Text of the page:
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27 November in the History of Psychology

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On November 27:

1839 — The organizing meeting of the American Statistical Association was held at the American Education Society, No. 15 Cornhill in Boston, MA. Its purpose, as stated in its first constitution, was to "collect, preserve, and diffuse statistical information in the different departments of human knowledge." Originally called the American Statistical Society, the organization's name was changed to the American Statistical Association at its first annual meeting, held in Boston on February 5, 1840. The five men present at the organizing meeting in 1839 were William Cogswell, Richard Fletcher, John Dix Fisher, Oliver Peabody, and Lemuel Shattuck. They were graduates of Brown, Dartmouth, and Harvard universities and were trained in law, medicine, theology, literature and education. Although Fletcher was elected as the first president (1839-1845), he appears to have been little more than a figurehead. Lemuel Shattuck, the first secretary, was the true leader in founding the Association.

1857 — Sir Charles S. Sherrington was born. Sherrington's studies of neural and synaptic physiology, reflexes, the motor cortex, and reciprocal innervation form the foundation of modern physiological psychology. His book, The Integrative Action of the Nervous System (1906) gave impetus to modern research in this area. Nobel prize, 1932.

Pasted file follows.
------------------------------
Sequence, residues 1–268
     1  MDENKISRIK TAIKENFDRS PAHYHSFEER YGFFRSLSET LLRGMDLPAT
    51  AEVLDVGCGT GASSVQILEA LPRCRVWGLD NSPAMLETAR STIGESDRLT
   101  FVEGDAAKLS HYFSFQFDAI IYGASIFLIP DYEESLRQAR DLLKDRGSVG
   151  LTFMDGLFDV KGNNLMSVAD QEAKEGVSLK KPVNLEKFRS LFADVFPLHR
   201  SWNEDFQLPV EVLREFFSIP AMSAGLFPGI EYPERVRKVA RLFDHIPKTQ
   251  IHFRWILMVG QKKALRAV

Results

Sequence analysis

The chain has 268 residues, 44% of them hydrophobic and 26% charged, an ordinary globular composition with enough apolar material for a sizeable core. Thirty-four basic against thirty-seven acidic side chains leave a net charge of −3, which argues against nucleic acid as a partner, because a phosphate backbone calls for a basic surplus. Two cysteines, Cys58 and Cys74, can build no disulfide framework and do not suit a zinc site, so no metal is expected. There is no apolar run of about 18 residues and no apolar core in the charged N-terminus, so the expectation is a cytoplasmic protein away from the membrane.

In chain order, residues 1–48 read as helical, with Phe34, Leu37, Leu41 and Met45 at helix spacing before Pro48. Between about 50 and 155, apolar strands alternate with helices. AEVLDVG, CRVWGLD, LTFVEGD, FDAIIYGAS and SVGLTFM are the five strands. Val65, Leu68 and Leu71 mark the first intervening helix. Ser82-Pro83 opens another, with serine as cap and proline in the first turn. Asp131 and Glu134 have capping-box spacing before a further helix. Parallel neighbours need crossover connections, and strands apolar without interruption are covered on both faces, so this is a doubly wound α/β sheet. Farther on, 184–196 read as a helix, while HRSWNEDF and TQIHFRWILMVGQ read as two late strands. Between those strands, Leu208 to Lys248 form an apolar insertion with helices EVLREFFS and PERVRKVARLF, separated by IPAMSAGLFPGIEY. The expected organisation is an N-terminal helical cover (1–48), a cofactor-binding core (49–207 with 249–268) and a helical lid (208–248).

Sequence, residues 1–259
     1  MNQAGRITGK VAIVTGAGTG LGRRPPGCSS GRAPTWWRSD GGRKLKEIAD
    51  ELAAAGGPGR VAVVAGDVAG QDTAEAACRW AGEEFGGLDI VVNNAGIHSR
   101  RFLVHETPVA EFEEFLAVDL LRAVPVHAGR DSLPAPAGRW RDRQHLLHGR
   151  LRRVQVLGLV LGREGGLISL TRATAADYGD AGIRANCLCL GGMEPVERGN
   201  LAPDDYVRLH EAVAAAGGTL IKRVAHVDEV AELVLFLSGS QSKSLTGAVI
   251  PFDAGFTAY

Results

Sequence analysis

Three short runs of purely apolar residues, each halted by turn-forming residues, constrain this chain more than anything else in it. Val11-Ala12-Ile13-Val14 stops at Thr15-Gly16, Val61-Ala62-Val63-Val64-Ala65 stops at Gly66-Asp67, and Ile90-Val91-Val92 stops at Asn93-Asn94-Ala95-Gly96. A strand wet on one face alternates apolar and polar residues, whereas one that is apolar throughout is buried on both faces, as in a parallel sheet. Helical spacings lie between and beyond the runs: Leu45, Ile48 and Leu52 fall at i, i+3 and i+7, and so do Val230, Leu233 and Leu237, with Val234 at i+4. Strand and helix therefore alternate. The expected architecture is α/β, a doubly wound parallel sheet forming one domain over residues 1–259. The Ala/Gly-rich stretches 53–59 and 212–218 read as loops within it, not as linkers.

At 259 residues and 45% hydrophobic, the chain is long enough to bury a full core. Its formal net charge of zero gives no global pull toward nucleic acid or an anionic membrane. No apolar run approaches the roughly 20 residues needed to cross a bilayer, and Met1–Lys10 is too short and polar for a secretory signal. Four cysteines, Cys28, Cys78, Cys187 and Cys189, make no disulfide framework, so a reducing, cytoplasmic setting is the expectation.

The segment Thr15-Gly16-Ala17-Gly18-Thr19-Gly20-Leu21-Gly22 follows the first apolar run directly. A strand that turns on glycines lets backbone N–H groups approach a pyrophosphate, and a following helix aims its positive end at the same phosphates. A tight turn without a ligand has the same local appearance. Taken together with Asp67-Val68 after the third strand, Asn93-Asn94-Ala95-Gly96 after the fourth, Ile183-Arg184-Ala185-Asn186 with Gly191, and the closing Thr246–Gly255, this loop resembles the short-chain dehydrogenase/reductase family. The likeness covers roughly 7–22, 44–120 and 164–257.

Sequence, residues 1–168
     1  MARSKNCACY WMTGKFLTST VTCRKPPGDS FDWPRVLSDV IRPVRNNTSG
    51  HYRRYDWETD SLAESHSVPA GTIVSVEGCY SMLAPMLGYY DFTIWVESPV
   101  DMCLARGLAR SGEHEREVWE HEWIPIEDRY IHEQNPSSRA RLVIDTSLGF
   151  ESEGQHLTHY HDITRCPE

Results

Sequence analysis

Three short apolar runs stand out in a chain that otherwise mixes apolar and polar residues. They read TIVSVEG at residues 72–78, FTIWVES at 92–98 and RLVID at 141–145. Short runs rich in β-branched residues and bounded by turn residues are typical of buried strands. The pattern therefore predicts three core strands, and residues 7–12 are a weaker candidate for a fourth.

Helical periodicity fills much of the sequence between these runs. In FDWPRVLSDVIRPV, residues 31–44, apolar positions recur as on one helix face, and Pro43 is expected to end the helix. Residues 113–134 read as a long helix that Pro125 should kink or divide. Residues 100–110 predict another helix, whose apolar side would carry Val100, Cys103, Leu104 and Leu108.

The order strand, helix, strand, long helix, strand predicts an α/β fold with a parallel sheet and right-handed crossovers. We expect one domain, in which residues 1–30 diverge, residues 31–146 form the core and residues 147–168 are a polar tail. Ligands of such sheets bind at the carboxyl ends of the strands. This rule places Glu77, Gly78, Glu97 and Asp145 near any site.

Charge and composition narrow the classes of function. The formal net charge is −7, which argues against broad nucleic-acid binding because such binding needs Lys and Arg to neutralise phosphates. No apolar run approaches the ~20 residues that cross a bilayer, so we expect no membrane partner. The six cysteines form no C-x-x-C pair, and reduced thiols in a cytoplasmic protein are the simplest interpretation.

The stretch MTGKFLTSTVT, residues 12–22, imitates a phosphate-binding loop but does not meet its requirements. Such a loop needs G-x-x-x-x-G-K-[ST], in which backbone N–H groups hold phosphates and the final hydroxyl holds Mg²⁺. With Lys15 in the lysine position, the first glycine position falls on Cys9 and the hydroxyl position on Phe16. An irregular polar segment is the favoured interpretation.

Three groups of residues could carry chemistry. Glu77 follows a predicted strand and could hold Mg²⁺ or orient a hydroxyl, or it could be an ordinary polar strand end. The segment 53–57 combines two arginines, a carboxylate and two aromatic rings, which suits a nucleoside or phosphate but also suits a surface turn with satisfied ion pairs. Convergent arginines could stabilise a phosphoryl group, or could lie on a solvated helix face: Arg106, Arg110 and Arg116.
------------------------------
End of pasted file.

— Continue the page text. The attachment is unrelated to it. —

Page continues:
1874 — (António) Egas Moniz was born. Moniz was a Portuguese surgeon who performed the first modern operations on the frontal lobes for treatment of mental disorders. He received the Nobel prize in 1949 for this work and for the invention of the arteriograph.

1877 — Vivian Henmon was born. Henmon's research touched on individual differences, teacher placement, aptitude testing, language functions, and other subjects in educational psychology. He also constructed the Henmon-Nelson Test of Mental Ability.

1920 — Gardner Lindzey was born. His interests were in personality, social psychology, and behavior genetics. Lindzey's books Handbook of Social Psychology (1954) and Theories of Personality (1957, with Calvin Hall) became standard texts. APA President, 1967.

1935 — The first article of Carl Murchison's Journal of Psychology was accepted for publication. It was titled "A Tachistoscopic Device With Subhuman Primates," by Heinrich Kl�ver.

1953 — David C. McClelland, John W. Atkinson, Russell A. Clark, and Edgar L. Lowell's book The Achievement Motive was published.

1964 — Neal E. Miller was awarded the National Medal of Science by President Lyndon Johnson for his work on learning and motivation. The actual presentation of the medal took place on February 8, 1965 in the East Room of the White House. Only six scientists had received this award before Miller and nine others were recognized in 1964.